I do get irritated by over-officious tools. "You can't use that name, you've used it already over there." Well, I know, but I'm going to change that in a moment, and it'll be alright in the end, really.
In the DSL Tools Customization Samples & Guide, there is a section showing you how to prevent the user from making undesirable connections, such as loops in inheritance graphs. As the user moves the mouse to complete the last link in a loop, a tooltip pops up saying "that connection would create a loop" and the arrow changes to a not-allowed sign. This is quite effective, but of course you might prefer to let your user make the loop, and then cut it somewhere else later.
Also, the computation to find the loop - or whatever other restriction - has to be fast, to respond to the user's mouse movements in real time. In some cases, that might prohibit this method.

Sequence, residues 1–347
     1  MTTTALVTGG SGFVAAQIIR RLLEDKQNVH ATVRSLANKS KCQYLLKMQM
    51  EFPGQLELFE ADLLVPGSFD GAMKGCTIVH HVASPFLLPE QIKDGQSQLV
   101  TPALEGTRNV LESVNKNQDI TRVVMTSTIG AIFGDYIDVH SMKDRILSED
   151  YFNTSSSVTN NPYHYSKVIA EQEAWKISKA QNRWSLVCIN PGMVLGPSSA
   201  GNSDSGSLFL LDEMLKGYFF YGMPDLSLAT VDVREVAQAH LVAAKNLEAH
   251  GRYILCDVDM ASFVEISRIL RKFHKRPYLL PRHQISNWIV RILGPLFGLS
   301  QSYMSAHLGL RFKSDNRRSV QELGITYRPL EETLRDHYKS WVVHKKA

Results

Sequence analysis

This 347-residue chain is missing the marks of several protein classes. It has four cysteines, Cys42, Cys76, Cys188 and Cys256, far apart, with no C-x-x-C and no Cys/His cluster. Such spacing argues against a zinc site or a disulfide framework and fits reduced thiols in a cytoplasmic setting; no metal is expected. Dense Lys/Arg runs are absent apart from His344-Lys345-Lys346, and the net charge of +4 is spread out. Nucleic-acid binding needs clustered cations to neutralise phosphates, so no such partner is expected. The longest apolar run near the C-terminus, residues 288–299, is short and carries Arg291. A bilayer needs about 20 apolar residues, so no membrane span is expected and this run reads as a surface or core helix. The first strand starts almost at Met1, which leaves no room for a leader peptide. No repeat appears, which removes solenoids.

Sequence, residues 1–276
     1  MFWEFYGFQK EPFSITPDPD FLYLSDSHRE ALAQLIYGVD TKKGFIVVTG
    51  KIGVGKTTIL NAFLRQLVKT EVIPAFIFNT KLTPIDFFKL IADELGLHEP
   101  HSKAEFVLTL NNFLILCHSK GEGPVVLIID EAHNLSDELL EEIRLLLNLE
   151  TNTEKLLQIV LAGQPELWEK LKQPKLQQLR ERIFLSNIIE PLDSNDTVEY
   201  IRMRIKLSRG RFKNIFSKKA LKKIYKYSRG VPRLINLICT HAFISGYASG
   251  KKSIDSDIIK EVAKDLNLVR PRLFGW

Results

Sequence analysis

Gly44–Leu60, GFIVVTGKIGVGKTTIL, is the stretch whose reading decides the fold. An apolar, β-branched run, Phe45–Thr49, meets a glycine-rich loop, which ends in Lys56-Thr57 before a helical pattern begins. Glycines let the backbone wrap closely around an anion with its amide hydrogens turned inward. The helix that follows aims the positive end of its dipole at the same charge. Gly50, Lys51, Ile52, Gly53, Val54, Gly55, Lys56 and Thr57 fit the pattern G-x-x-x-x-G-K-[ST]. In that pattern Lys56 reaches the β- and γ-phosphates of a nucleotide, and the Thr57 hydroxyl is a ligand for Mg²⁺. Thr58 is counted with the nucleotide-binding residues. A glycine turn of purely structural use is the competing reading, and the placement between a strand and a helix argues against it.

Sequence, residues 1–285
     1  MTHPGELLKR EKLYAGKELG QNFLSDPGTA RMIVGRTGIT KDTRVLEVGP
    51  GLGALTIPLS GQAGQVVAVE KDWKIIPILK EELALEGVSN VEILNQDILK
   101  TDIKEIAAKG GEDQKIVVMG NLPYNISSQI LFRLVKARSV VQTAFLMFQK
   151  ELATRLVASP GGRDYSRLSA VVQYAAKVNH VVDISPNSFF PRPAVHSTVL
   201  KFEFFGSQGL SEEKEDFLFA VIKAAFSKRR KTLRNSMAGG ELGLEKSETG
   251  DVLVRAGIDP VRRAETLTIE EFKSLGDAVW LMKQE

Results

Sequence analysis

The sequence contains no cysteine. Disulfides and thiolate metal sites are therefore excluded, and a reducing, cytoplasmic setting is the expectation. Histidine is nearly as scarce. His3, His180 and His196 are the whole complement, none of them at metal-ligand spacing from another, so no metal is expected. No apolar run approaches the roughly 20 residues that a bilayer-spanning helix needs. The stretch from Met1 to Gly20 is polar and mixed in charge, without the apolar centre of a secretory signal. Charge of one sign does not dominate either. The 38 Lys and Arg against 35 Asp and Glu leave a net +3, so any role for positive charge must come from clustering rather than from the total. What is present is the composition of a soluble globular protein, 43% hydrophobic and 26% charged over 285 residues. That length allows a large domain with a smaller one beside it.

The solution is to use the new Validation framework, which is coming in the next version of DSL Tools. It allows you to specify constraints on any class (or superclass, or relation, or the whole model). These are applied to all instances of the type when the model is opened or saved, or on the user's explicit command. Error messages appear in the VS task list, and clicking on an error selects the offending objects. You write just the C# code for the constraint itself, and the framework applies it as required.
This means you have a choice of when to apply a constraint - at the moment it is about to be contravened, or at validation time.